For example, I sent the U.S. team a copy of a weapons purchase order that showed a transaction between Malaysia and Iran for a certain sum. This was the only lead that the U.S. had which tied Malaysia to the purchase of submarines. No information was given about the nature of the purchase, however the word 'Kockums' appeared discreetly on the order. Deven noticed this and did some research. He soon reported to his team that Kockums was the name of a Swedish shipbuilder specializing in submarines. This information was rewarded with more intel from FMFPAC in the form of a poor quality nighttime infrared photo (which I blurred on purpose) of an unidentified surfaced sub taken off the coast of Malaysia by an ROC spy trawler. Even though Kockums made dozens of subs and those black conning towers look very similar, Deven soon ID'd the sub as one of two classes, one of them being a Sjoormen. I assessed a relatively short, 8-hour (game time) penalty for splitting his guess, but soon FMFPAC confirmed that the sub was indeed a Sjoormen. I had fully expected that this intel chase might take the whole game to figure out, but Deven nailed it in the first two weeks. Both Admirals Hsie and Gager responded to this intel with very aggressive and ultimately very successful ASW operations, something that might not have happened had Deven not picked up on the word 'Kockums.'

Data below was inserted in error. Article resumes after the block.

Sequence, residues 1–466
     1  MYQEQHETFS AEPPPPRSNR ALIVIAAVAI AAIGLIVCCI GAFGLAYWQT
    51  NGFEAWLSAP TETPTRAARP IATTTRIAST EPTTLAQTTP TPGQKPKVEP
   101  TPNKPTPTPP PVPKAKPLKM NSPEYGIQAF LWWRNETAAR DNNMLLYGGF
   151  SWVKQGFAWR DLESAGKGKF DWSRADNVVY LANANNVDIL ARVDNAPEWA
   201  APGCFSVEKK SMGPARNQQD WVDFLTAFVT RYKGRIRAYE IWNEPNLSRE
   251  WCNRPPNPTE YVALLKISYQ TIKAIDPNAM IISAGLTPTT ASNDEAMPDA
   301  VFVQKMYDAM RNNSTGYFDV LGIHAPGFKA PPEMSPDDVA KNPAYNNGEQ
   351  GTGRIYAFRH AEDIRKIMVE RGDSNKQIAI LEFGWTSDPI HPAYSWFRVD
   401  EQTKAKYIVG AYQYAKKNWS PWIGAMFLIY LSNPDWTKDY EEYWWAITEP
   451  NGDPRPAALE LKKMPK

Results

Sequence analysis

One of the most common sources of intel -- for both sides -- was through the newspaper articles which I issued each new game day. The main purpose of these stories was simply to chronicle the main events of the war, and to help players sort out the facts from fiction. In general, if a story appeared in the newspaper, it was true. (I also felt that writing about military events through the news was also added more sizzle to the game than just military-style reports alone.)
By dangling certain phrases, innuendos and certain suspicious details here and there, however, I was able to use these news stories to create a kind of suspense thriller in which clues leading to important intel could be found. The team that picked up on these clues first and correctly anticipated events early on would theoretically have the jump on the opposing team. (The U.S. team, in fact, even created the full-time position of Intelligence Officer just for this purpose.)